GLORIA KAULL of Ashtabula dumps cans at the Ashtabula Recycling Center. The city will be receiving a new recycling bin.


Staff Writer

ASHTABULA - - City Manager Anthony Cantagallo is receiving cards, letters and e-mails from people as far away as Florida. But the notes are not holiday greetings; but rather, encouraging words about recycling.

Cantagallo researched the idea and has come up with a company out of Florida that will provide the city with 20 free, stainless steel bins to help the city recycle newspaper. The company makes it's money by selling advertisement on the front of each bin.

"The citizens would like us to recycle," he said. "These bins are very good-looking, very stout bins and (the company) takes care of it."

At Monday's council meeting, Ward 5 Councilman Chris McClure said with so many bins available to the city, he believes schools should be involved in the process by placing a bin at every school.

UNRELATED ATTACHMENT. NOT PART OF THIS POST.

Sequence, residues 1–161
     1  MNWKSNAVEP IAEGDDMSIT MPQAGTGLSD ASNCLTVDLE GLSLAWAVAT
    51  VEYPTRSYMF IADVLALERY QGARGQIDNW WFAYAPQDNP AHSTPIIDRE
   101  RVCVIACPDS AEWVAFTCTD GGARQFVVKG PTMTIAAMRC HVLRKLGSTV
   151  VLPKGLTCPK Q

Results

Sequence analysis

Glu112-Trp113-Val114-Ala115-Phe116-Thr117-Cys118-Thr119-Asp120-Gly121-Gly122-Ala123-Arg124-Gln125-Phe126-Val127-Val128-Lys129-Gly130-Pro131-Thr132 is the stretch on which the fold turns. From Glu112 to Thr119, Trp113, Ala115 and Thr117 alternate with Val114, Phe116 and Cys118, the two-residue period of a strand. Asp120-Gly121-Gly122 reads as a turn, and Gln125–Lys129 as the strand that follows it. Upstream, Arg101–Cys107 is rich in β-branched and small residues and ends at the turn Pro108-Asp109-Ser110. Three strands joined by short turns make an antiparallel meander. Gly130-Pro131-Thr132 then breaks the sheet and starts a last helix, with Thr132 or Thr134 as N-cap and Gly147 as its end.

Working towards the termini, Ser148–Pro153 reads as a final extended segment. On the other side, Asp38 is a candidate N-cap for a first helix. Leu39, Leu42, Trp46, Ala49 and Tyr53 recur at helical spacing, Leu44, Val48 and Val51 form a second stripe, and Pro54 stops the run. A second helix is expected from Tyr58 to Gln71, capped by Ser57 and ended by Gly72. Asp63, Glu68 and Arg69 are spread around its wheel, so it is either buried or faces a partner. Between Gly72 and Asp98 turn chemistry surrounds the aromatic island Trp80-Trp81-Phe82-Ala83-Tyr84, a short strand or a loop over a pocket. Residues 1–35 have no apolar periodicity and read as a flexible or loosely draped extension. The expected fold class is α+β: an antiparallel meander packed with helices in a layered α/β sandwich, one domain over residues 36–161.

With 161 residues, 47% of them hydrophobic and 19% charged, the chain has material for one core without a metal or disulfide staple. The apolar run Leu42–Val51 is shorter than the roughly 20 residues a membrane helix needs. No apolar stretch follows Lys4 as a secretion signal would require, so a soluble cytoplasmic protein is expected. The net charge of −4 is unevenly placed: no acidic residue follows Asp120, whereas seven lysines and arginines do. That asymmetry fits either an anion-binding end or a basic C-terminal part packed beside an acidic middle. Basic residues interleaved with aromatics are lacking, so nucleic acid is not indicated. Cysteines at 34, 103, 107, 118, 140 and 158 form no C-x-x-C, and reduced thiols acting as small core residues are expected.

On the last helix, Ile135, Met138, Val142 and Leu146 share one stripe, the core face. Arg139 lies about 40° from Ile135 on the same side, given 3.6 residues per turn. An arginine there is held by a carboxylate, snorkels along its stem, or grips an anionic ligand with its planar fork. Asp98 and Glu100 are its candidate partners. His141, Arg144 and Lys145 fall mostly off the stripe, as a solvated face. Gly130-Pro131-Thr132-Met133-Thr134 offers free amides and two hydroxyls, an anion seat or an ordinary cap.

"It could be a learning tool," he said.

City Auditor Michael Zullo agreed.

Cantagallo said newspaper and magazine recycling can be a lucrative business, but there's little money in plastics.

"I think (paper recycling) is a great idea," he said. "We're talking 20 bins at no cost to the city."

Last week, at council's public works committee meeting, Cantagallo said 58 percent of what the city dumps at the landfill is newspaper.

"We're burying dollars," he said. "That's the part that I think is nonsensical."

The city's superintendent of public services, Dom Iarocci, said he believes it to be a good idea because the company that brings the bins will get the advertising dollars and the city will get money from the bins' contents.

Right now, city residents have to bring their newspapers on Saturday to the West 24th Street transfer station. There is no other option in Ashtabula.

Star Beacon Print Edition: 12/21/2006

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